/ Verdon - general walking info for in and around the gorge
I've only climbed there so have no idea of what is / isn't possible in terms of walks. For example is there anything relatively easy angled to get to the bottom of the gorge, is it even possible to walk along the bottom of the steepest parts of the gorge? If you can't walk along the gorge bottom are there good walks in the surrounding area? Any good English language walking guidebooks available?
Any help much appreciated.
There is a walk that goes along the bottom of the gorge. Well sign posted and not too hard, not circular so may have to get a taxi back to the car. It's quite popular so loads of info about it in the tourist info.
There is a cicerone book that has some walks in the area, although not exclusively just for that region.
The sentier martel is fairly straightforward, take headtorches,leave car at the end, taxi to the start and walk back to the car
Taking into account "reasonable terrain (no scree), clear and signed paths ideally......relatively easy angled to get to the bottom of the gorge".
A gorge walk, 'there and back' though the tunnels (take head-torch) from Point Sublime end is fine (we did it with a bunch of 3-7 year olds), but further downstream there are exposed sections with ladders that may not be to their taste....(my wife ran from Chalet CAF de la Maline to Point Sublime along the gorge path and said the ladders were surprisingly exposed).
I did a fair bit of great mountain biking along GR routes in the general area and there will be tons of great walking to be had (and NOBODY on them).
Castellane would be a good place to base themselves near (bigger & nicer than La Palud).
Read the OP.
I don't really want to get into a willy waving competition about it.
We're climbers and shouldn't assume everyone can deal with even 'particularly exposed'. As I know her well, I'd go with my wife's assessment of "surprised how exposed they were".
The Op says relatively easy paths with no scree and clearly signposted, which the route is. There are ladders/steps too but i wouldn't rule the route out on the basis of the info given. I'm sure the op's friends can read around and decide for themselves but it's a walk i'd be happy to take my parents on.
They can judge for themselves:
> Google "Sentier Martel"
An excellent walk, we did it in July 2010.
Park as they did then a bus down to the Chalet. You then have no rush as you are just going back to your car.
It was airless down in the Gorge, summer, but excuse to swim and wade about.
I think I've got the Provence Cicerone guide so will have a look and see what's in there too.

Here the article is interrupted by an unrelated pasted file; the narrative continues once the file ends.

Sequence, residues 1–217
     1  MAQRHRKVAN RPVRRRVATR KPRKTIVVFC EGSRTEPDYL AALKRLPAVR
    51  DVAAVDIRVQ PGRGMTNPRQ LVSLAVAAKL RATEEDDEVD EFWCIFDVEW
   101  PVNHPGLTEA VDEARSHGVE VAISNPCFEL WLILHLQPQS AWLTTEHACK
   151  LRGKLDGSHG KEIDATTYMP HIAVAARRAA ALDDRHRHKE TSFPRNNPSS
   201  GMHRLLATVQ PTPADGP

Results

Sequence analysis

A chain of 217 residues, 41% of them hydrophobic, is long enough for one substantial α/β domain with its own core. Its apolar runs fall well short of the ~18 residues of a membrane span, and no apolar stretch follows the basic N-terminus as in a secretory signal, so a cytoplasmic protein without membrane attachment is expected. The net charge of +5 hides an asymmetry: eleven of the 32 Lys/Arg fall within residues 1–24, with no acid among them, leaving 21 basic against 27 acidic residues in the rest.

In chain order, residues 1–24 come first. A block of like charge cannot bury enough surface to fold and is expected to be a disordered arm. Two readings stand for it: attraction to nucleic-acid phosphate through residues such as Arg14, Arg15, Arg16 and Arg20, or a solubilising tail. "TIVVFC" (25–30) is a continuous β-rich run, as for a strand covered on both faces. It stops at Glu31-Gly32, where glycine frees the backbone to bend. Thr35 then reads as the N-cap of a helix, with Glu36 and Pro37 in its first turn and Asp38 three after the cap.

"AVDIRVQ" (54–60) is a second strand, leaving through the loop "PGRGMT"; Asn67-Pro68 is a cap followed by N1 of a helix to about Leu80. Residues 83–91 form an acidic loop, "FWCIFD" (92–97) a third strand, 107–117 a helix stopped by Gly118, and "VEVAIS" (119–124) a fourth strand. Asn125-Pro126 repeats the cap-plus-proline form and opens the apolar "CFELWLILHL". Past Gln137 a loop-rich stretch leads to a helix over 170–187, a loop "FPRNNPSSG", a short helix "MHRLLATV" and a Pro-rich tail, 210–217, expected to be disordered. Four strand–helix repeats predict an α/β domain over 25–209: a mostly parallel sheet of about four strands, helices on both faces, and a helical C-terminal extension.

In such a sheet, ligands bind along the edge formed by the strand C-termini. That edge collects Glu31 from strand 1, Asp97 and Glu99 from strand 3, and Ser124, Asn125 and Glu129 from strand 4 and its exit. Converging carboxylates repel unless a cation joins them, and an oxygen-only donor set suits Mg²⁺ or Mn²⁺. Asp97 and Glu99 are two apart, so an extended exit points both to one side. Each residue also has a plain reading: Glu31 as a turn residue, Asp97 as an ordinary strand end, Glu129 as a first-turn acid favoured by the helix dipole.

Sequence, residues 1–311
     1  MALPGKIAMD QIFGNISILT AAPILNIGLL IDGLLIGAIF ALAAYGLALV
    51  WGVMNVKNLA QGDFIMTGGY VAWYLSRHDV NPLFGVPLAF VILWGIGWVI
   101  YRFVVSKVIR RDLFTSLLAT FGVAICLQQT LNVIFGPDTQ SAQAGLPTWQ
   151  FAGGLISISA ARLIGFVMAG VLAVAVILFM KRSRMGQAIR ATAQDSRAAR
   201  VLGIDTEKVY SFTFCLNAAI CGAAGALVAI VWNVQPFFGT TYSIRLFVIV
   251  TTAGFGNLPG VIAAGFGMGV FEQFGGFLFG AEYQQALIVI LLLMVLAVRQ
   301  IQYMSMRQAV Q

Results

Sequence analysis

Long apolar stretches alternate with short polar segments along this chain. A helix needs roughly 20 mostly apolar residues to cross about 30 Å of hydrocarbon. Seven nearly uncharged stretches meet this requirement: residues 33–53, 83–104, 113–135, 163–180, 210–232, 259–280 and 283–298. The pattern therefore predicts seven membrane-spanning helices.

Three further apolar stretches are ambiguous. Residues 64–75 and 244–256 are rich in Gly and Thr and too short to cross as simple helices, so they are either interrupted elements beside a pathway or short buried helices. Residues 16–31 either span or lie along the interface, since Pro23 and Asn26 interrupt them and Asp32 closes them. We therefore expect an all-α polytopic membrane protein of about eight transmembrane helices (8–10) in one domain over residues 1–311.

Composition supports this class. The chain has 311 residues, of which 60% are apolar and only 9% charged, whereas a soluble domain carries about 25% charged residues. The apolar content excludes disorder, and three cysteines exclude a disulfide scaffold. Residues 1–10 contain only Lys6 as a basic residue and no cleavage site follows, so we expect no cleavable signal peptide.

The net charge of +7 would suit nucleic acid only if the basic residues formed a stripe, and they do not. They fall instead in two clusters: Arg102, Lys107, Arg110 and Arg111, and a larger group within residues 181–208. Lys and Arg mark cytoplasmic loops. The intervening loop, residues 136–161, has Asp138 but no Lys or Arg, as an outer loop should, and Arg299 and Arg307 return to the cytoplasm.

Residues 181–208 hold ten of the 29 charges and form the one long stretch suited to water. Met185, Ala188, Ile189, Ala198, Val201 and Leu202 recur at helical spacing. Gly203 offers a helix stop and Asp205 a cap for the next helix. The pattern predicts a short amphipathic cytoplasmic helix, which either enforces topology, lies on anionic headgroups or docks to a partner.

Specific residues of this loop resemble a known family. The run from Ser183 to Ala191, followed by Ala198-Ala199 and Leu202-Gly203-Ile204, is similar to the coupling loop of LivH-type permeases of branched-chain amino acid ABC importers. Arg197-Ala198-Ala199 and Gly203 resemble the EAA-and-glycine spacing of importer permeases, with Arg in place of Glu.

Give Way to Ascender though
The Sentier Martel is world class. Lovely swimming spot at the big bend in the Verdon shortly after you reach river level.
There's another really amazing walk, nowhere near as frequented. It also begins or (better) ends at Pointe Sublime and is also non-circular with need for pre-placed cars or hitching: roadside parking or drop at St Maimes (between Trigance and the Pont de L'Artuby),rough track up to Entreverges hamlet where you join the G49 trail (which the map says comes up from Trigance if your friends want to start there), follow G49 up and down though lovely countryside and go out along remote promontory to the Belvedere de Rancoumas for STUNNING viewpoint of the Escales cliffs ( http://www.ukclimbing.com/images/dbpage.html?id=118233 ) across the gorge, then down through woods and across an ancient bridge before finishing uphill to Pointe Sublime. http://www.altituderando.com/Grand-Canyon-du-Verdon-Belvedere
I biked that route (ending Point sublime) and went out to the Belvedere viewpoint. The main downhill (about 1500 vertical feet in about 10 minutes) is one of the best natural descents I've done in a long time. Great riding. ;-)
In addition to the gorge walk already mentioned, there is a deserted village up above La Palud, and beyond just beyond it a chapel in a cliff that has a little passage to the cave above it. To the North across the valley is what I think is the local high point, we walked over to, and up it, then followed an obvious circut back - it was a full day walk and would be quite stout in winter.
No idea about walking guides.
The walk up to the Cadieres de Brandis is also pleasant.
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